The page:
• Trees help to reduce the amount of siltation that occurs when the water returns to the watercourse;
• The woodland helps to slow runoff entering the system by adding roughness to the surface.
Riparian woodland in different settings: a steep-sided Pennine valley, a gentle chalk stream, and a valley floodplain in the North York Moors
Cross-slope Woodland and Hedgerows
How do cross-slope woodland and hedgerows help?
• Up to 45% of rainfall does not reach the ground as it is caught by trees;
• Flow is slowed due to the rough ground surface created by vegetation;
• Woodland soil acts as a sponge and soaks up some of the runoff;
• Hedgerows intercept and absorb surface water flows.
Soil and Land Management
How does soil and land management help?
• Prevents channels being created which speed up the flow of water;
• Improved soil structure reduces the amount of runoff and allows more water to be infiltrated;
• Soil erosion can be reduced and less sediment will get carried into the watercourse.
• Soil nutrients and moisture are retained and crop yields increased, whilst reliance on fertiliser is reduced.
How do leaky barriers help?
• Time taken for storm-water to travel downstream is increased and maximum flood peak reduced;
• Disperses water onto the floodplain to slow the flow and help with infiltration;
• Drains down once the main flood has passed.
Re-profiling Land and Re-routing Ditches
How does re-profiling land and re-routing ditches help?
• Existing drainage infrastructure can be re-evaluated and re-purposed to meet today’s needs and changing climate;
• Fairly small changes in topography can have a substantial impact on where storm water flows, and can direct it away from vulnerable roads and properties;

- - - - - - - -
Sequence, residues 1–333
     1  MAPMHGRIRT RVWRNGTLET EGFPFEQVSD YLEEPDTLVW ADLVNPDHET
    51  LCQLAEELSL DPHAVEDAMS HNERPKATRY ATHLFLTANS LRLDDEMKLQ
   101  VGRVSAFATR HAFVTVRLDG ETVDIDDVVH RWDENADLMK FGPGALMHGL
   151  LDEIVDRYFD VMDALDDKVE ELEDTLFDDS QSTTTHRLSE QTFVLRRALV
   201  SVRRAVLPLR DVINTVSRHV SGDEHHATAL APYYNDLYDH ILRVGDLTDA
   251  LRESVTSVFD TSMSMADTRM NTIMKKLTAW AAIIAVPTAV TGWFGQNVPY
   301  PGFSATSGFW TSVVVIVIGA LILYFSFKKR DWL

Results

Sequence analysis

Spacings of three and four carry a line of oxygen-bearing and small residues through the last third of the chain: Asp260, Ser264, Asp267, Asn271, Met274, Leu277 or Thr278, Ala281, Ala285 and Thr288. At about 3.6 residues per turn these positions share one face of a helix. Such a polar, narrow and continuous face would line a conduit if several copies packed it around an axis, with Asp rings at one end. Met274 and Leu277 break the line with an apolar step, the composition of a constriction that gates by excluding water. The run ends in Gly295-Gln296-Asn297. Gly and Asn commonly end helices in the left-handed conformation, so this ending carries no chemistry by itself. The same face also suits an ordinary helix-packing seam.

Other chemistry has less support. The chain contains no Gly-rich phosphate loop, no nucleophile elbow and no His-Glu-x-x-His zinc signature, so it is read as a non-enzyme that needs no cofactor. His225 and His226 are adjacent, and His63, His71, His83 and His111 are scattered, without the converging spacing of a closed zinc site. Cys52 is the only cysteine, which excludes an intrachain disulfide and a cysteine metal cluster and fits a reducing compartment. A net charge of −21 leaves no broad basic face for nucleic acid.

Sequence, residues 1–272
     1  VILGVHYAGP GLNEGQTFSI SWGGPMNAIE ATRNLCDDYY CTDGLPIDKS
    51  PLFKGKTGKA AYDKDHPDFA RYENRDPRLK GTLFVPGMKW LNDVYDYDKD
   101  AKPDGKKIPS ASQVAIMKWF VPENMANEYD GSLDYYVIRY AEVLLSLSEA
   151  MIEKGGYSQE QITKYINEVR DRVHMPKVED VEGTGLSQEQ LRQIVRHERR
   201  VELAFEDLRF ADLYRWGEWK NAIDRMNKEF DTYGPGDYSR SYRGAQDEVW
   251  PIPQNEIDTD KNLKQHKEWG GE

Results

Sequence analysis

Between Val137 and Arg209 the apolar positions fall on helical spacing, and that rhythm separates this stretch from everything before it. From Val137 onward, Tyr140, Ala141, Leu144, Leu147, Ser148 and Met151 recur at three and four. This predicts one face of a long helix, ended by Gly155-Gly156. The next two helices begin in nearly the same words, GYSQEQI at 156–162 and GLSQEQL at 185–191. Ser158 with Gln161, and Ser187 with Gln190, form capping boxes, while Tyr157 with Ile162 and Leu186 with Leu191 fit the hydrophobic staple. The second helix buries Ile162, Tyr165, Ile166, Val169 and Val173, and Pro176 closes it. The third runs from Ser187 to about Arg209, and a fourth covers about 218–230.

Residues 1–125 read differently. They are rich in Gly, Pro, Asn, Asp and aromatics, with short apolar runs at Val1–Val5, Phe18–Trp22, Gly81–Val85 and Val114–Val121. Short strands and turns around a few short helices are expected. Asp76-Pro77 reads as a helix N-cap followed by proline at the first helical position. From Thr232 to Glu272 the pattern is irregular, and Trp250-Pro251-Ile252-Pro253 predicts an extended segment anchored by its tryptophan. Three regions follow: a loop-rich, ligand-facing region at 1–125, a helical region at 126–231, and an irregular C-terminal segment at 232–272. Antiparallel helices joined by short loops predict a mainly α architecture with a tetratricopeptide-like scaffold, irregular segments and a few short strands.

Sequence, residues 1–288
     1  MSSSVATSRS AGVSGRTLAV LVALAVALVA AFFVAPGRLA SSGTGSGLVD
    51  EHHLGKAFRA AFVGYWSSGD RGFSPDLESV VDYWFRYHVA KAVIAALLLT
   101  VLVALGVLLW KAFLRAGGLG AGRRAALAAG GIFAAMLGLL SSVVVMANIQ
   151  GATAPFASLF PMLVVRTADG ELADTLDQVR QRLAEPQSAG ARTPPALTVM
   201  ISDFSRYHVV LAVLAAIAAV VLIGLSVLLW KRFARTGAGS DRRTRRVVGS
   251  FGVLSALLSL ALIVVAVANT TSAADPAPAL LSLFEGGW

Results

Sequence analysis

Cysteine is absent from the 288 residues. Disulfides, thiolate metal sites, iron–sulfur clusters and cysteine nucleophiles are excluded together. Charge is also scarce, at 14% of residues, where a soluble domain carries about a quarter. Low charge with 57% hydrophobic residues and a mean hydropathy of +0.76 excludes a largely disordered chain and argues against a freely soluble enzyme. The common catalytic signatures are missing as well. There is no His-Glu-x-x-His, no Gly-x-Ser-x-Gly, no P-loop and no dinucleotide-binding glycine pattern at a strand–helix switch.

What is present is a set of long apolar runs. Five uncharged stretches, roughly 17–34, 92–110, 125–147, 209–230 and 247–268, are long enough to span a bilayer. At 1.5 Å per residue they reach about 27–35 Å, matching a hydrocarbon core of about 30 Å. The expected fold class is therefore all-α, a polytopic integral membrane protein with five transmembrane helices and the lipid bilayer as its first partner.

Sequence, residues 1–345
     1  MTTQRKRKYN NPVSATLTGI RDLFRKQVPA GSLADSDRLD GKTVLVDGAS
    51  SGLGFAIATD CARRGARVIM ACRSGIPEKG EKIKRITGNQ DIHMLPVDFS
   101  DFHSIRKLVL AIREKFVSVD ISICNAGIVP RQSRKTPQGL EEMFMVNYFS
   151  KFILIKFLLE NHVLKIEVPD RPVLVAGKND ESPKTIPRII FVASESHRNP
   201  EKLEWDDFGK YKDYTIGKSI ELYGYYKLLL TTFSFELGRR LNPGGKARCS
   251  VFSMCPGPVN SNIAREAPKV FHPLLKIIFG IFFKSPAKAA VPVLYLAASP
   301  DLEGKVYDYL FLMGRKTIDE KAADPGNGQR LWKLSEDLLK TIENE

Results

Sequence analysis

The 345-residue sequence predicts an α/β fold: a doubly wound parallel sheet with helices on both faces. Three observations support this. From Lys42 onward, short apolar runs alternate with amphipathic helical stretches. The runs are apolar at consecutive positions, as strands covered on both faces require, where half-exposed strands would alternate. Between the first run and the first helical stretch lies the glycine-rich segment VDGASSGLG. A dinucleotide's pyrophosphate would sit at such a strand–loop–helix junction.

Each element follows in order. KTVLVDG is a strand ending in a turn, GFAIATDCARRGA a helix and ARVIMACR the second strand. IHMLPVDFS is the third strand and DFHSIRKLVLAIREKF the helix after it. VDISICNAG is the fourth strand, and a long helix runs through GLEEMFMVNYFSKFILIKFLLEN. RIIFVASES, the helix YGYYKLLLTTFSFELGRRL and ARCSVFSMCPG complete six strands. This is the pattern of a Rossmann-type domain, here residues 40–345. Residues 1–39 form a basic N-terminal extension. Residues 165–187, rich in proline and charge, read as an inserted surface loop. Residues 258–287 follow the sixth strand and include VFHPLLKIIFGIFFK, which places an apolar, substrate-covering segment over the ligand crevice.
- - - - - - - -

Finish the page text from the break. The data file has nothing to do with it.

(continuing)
• In combination with the above, the capacity of ditches and drains can be improved using other techniques, like attenuation areas and leaky dams;
• These are relatively low-cost solutions, using features that already exist.
Storage Ponds and Basins
How do storage ponds & basins help?
• Creates an area for a large volume of water to be held back during heavy rainfall events, reducing flood risk downstream;
• Can create new habitats by holding some water all year round, creating small ponds;
• Drains back slowly into the main waterway, so there is no rush of water when released.
River and Floodplain Restoration
How does river and floodplain restoration help?
• Creating bends in the river slows the water down by making it take a longer route, giving more capacity and a shallower gradient;
• Floodwater can be held on the floodplains and discharge slowly back into the watercourse once the storm peak has passed;
• Restoration can help to create a more biodiverse environment by creating wet woodlands and wetlands.
How does headwater management help?
• Improves the efficiency of bogs, allowing more water to be soaked up, like a huge sponge;
• Can reduce the amount of sediment entering the watercourse;
• Dams and drain blocking slow down the amount of water leaving moorlands to a more steady rate;
• Climate regulation through the increase in captured carbon.